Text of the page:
Sri Ramana Leela is a Biography of Bhagavan Sri Ramana Maharshi by Sri Krishna Bhikshu Edited and Translated by Pingali Surya Sundaram
Chapter-XIII, Place of Tapas
THE temple of Arunachaleswara is 1480 feet long and 680 feet broad – the compound wall is said to have been built by a Vellala king (also known as Bhallala king or Bhalla king). The eastern tower is 216 feet tall and has eleven storeys. One could go and sit there. This tower is said to have been constructed by Praudda Deva Rayar.
As we enter from the east in the first perimeter we see a hall, in the southeast a flower garden and to the north a thousand pillared hall. To the southwest is an underground cellar where there is a linga of Easwara. But at the time of our story no poojas were performed here and the place was utterly dark, damp and unkempt. But as it had been the place of tapas for Ramana, in 1949 a devotee, Taleyarkhan, got the place cleaned, repaired and electrified. Here, a picture of Sri Bhagavan is placed and poojas offered regularly.
To the west of the thousand pillared hall is the hall of vehicles and behind it is a flower garden which for some inexplicable reason is called ‘Vazhaithotam’ (plantain garden).
On the southern side of the first compound is a large tank said to have been constructed by Sri Krishnadeva Raya. To its north are two shrines – known as “Kambathilayanar shrine” on the east and “Sivagangai Pillayar shrine” on the west. “Ilayanar” means the younger one – a name of Subrahmanya Swami. “Pillayar” means Vighneswara.
There is a legend about “Kambathilayanar.” Praudda Deva Raya was the emperor of the Vijayanagara empire around 1450 AD. He was an admirer of the poet Arunagirinathar of Arunachala. This was unbearable to the poet Sambanda Andan. Not being able to bear the adulation showered on Arunagirinathar he challenged the king that if the poet was really all that great he should be able to present before the king, his favourite deity Subrahmanya. The king, desirous of having a glimpse of the Deity, pleaded with the poet accordingly. The poet told him: “These eyes, used as they are to seeing the physical world would not be able to stand a vision of the Lord. Anyway, I shall find out from Him and let you know.”
He prayed to Subrahmanya who told him, “If the king beholds me he will become blind. Let him think over this and decide.” The poet conveyed that to the king. “Let me become blind. I must see the Lord,” he insisted. Arunagirinathar invited the Lord who appeared in the pillar. The king had His darshan. As the Lord became visible in a pillar (kambam) he is known as “Kambathilayanar”.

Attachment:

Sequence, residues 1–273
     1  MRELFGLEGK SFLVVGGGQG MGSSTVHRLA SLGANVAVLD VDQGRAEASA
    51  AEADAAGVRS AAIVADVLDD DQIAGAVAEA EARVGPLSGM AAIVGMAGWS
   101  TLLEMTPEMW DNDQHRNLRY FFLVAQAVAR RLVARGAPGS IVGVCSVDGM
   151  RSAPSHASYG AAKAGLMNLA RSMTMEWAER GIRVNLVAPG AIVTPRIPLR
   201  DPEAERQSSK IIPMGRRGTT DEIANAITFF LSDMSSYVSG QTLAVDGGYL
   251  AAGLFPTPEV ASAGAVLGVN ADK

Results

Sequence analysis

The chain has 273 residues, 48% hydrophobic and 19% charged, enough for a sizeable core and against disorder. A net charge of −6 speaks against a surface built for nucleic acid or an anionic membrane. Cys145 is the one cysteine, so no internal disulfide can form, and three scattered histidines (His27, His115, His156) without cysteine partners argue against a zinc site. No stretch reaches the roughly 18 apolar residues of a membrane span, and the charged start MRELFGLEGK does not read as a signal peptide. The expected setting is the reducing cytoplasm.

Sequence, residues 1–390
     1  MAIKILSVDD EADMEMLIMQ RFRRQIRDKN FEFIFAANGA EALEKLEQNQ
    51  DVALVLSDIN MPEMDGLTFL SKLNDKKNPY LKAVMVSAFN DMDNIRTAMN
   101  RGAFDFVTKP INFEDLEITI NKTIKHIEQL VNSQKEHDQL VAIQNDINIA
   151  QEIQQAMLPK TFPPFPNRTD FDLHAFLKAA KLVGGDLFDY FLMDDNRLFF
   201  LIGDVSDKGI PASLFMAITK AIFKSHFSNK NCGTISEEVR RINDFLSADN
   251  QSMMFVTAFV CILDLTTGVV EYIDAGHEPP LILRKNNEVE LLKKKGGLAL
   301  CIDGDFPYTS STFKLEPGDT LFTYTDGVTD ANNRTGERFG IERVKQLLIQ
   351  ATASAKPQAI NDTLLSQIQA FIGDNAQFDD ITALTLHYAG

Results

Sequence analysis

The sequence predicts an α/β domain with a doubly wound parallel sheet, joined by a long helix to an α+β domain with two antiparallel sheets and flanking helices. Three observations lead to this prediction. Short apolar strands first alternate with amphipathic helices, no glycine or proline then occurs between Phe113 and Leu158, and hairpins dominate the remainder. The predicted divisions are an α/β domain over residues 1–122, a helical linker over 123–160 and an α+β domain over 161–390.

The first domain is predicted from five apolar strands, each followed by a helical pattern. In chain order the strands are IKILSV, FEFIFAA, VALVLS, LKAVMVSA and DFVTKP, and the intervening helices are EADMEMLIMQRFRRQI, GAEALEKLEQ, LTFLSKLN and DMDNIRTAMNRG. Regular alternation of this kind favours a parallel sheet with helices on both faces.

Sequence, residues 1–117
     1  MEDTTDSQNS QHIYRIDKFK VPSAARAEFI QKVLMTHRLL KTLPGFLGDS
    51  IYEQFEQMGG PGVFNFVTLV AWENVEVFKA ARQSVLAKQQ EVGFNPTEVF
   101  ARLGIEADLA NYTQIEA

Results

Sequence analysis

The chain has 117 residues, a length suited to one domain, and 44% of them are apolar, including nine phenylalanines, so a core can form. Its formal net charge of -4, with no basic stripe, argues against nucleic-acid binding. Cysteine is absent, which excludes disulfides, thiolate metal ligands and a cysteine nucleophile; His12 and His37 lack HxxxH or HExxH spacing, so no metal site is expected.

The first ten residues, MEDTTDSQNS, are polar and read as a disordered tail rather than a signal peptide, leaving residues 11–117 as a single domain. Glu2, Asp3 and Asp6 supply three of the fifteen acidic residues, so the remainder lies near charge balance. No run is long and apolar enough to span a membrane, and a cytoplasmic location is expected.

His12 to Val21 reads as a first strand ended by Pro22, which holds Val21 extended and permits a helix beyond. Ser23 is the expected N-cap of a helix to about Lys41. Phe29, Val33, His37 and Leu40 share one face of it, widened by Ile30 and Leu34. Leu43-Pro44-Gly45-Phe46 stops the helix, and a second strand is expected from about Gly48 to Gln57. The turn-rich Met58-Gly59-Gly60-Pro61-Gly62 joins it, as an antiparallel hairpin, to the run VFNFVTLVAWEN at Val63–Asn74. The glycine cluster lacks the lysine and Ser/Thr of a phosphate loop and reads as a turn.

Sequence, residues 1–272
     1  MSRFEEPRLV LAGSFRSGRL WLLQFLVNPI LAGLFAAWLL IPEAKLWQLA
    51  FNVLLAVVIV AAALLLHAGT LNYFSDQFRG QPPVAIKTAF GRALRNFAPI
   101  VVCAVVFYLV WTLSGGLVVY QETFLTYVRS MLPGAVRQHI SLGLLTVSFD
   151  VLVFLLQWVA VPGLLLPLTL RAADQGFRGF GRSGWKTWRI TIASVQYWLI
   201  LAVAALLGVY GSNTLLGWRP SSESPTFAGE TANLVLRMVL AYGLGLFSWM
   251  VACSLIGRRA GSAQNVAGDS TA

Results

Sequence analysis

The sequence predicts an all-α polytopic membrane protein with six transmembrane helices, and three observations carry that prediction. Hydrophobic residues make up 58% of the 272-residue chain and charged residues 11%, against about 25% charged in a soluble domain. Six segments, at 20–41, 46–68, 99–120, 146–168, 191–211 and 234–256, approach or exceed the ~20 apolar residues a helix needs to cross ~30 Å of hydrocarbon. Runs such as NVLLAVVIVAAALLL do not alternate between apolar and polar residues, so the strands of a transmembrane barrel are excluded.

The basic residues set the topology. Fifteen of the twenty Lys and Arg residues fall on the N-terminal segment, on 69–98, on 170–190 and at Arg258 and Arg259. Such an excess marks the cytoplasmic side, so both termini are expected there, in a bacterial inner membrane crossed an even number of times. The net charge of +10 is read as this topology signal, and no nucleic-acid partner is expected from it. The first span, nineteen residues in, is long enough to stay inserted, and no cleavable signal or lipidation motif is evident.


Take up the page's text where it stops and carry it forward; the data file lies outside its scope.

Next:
To the west of the Sivaganga, along the pathway for circumambulation, there are huge trees (ippa trees). At the base of one of the trees a platform was put up.
As we enter the second compound, we first notice the tower. This was constructed by Ballala. To the north of the tower is the Subrahmanya shrine. He is known as “Gopura Subrahmanya Swami.” There is a legend about Gopura Subrahmanya. Muthu, a devadasi, lived at Arunachala with her daughter and son. The boy was Arunagirinathar. While he was quite young the mother passed away leaving him in his sister’s care. She asked her daughter to fulfil every wish of the boy. As a young man, Arunagirinathar became a libertine not heeding his sister’s advice.
He frittered away not only the money left behind for him by his mother but even that of his sister. Yet he did not give up and still demanded money. The sister replied, “I no longer have any money but mother has asked me to fulfil all your wishes. Your only wish is to enjoy women. I am prepared to fulfil that wish of yours. What if our mother is one and the same, our fathers were different persons. Hence there is nothing wrong,” saying this, she touched him. With this Arunagirinathar realized the enormity of his degradation and in a fit of penitence climbed up the Ballala tower and jumped down to end his life. Lord Subrahmanya held him midway in his arms, gave him a rosary and initiated him into a mantra. This is the legend. With this we may end the story of Arunachaleswara temple. For those desiring to meditate in solitude and wanting to be inward-minded and absorbed in the Self there are any number of solitary spots – the temple towers, the flower gardens, and the thousand pillared hall. These were frequently used but nobody visited the southern side of “Sivaganga” during night.